Wednesday, April 2, 2008

Money and the sense of deprivation

A lot of people I encounter constantly crib about money. They go on and on about how expensive everything is, how they can't afford this, that and the other. How they have to work so hard etc. etc. Mind you, all these people are at least middle-class. They are definitely not poor by any means. Strangely enough, I've encountered much less cribbing from people who would really be considered poor or near the poverty line. (Or maybe I have but I don't think of it as cribbing but as genuine financial need). Even among the wealthier folks this complaining has increased astronomically in recent years compared to when we were growing up.

Prices certainly have increased. But then so have salaries. The kind of money available in metropolitan India for anyone even remotely well-qualified is . We are able to afford cars, travel, luxury goods, and even homes waaay before our parents and grandparents could. Then why are people dissatisfied? I think it's because of a growing sense of entitlement and materialism. Everyone wants "the good life" and what's more, feels deprived if they can't have it. It's the sense of deprivation that I can't understand and what's more don't sympathise with.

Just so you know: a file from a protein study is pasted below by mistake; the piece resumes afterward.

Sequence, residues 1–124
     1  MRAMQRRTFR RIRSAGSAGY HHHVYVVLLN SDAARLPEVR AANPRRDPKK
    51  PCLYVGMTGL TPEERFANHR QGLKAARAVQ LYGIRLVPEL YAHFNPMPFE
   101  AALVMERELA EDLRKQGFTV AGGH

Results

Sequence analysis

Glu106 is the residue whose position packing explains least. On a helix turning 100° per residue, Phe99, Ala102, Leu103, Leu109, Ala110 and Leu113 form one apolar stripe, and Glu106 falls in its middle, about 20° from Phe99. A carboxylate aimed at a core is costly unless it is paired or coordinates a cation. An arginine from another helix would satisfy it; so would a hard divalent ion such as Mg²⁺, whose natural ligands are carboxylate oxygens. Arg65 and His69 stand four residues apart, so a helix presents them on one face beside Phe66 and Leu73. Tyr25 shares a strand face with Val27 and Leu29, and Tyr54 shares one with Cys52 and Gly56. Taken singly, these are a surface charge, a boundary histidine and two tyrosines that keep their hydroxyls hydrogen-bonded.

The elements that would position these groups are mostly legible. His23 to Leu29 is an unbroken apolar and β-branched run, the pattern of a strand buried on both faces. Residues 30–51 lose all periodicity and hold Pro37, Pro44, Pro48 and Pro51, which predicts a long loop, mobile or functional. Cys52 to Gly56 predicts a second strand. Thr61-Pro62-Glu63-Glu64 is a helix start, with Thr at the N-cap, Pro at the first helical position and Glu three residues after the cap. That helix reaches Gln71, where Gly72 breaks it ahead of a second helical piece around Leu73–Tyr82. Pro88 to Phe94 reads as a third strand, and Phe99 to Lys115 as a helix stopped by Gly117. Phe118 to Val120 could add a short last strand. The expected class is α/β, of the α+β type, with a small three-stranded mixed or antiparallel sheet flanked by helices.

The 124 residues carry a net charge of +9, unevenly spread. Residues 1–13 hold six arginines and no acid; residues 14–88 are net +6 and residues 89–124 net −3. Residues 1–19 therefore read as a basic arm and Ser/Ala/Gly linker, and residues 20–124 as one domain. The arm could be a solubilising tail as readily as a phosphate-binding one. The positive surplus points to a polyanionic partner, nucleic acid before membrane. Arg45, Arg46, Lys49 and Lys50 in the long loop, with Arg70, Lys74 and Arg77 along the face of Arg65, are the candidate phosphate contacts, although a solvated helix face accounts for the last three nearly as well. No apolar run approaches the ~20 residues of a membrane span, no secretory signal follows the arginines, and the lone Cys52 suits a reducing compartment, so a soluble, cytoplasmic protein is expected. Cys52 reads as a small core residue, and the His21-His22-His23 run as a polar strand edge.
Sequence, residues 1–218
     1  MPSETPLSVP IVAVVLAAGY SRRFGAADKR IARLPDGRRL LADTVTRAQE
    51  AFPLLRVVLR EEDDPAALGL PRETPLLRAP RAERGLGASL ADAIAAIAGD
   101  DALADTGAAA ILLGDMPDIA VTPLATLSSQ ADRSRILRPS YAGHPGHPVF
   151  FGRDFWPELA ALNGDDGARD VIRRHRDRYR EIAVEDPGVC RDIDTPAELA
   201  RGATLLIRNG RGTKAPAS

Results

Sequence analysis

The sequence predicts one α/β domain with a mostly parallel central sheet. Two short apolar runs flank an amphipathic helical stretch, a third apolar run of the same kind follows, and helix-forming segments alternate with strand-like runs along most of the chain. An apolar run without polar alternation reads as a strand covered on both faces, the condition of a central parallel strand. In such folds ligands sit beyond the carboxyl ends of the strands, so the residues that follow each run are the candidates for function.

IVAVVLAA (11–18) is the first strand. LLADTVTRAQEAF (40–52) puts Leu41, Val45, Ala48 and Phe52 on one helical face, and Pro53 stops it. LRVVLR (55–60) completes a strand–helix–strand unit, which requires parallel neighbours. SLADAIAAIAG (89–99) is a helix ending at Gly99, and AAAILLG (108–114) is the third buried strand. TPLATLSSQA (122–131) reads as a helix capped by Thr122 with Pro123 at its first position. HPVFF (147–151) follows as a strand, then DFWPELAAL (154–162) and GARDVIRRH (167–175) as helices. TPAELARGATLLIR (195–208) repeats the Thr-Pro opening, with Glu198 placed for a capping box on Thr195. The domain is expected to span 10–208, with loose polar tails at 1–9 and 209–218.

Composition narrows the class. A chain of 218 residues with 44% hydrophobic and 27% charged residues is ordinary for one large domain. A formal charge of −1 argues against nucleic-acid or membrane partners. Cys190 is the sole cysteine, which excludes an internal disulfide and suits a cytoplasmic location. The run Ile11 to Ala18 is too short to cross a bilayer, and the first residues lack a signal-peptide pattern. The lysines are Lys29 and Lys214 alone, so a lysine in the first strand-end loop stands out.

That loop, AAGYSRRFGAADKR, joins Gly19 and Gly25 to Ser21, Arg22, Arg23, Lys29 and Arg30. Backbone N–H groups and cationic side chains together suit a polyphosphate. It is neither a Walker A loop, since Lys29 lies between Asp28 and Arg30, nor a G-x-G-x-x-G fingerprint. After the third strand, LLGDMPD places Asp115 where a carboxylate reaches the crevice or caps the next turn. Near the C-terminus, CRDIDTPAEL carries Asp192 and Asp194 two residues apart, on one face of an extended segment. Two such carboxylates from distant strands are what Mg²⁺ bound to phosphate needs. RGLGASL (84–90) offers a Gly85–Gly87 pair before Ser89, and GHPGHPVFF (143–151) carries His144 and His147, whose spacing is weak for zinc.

You would think that otherwise intelligent people would realise what they're doing to themselves and stop it. I believe that cliched though it may sound, money does not buy happiness. I'm not saying that one should have no financial goals whatsoever. But there is a difference between feeling, "I have enough, though I'd like more" vs. feeling "I'm underpaid", "I could be so much happier if I made more", "It's not fair". It's the difference between being rich and feeling rich. It is difficult to ever be rich because the more one gets the more one's aspirations and expectations increase. However, if you feel that you are rich, it frees you from a lot of heartburn and worry. I hope I'll always feel rich.

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